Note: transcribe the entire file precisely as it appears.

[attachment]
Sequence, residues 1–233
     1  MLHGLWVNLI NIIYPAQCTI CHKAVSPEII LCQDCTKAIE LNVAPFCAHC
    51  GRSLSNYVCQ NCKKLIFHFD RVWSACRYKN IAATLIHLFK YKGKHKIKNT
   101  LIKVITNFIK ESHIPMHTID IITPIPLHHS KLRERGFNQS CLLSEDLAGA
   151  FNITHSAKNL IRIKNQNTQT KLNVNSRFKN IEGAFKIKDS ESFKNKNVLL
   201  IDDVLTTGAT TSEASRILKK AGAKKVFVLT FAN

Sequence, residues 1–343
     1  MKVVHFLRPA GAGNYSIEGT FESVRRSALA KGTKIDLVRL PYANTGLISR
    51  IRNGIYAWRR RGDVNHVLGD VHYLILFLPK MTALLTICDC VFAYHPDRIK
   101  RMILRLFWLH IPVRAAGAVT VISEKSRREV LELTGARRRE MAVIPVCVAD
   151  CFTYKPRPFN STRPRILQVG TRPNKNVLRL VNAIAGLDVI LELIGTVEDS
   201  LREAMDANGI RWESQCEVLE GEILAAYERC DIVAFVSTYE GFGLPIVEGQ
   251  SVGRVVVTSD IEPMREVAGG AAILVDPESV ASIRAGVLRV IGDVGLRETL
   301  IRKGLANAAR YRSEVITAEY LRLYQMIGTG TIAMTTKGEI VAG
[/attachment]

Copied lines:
Sequence, residues 1–233
     1  MLHGLWVNLI NIIYPAQCTI CHKAVSPEII LCQDCTKAIE LNVAPFCAHC
    51  GRSLSNYVCQ NCKKLIFHFD RVWSACRYKN IAATLIHLFK YKGKHKIKNT
   101  LIKVITNFIK ESHIPMHTID IITPIPLHHS KLRERGFNQS CLLSEDLAGA
   151  FNITHSAKNL IRIKNQNTQT KLNVNSRFKN IEGAFKIKDS ESFKNKNVLL
   201  IDDVLTTGAT TSEASRILKK AGAKKVFVLT FAN

Sequence, residues 1–343
     1  MKVVHFLRPA GAGNYSIEGT FESVRRSALA KGTKIDLVRL PYANTGLISR
    51  IRNGIYAWRR RGDVNHVLGD VHYLILFLPK MTALLTICDC VFAYHPDRIK
   101  RMILRLFWLH IPVRAAGAVT VISEKSRREV LELTGARRRE MAVIPVCVAD
   151  CFTYKPRPFN STRPRILQVG TRPNKNVLRL VNAIAGLDVI LELIGTVEDS
   201  LREAMDANGI RWESQCEVLE GEILAAYERC DIVAFVSTYE GFGLPIVEGQ
   251  SVGRVVVTSD IEPMREVAGG AAILVDPESV ASIRAGVLRV IGDVGLRETL
   301  IRKGLANAAR YRSEVITAEY LRLYQMIGTG TIAMTTKGEI VAG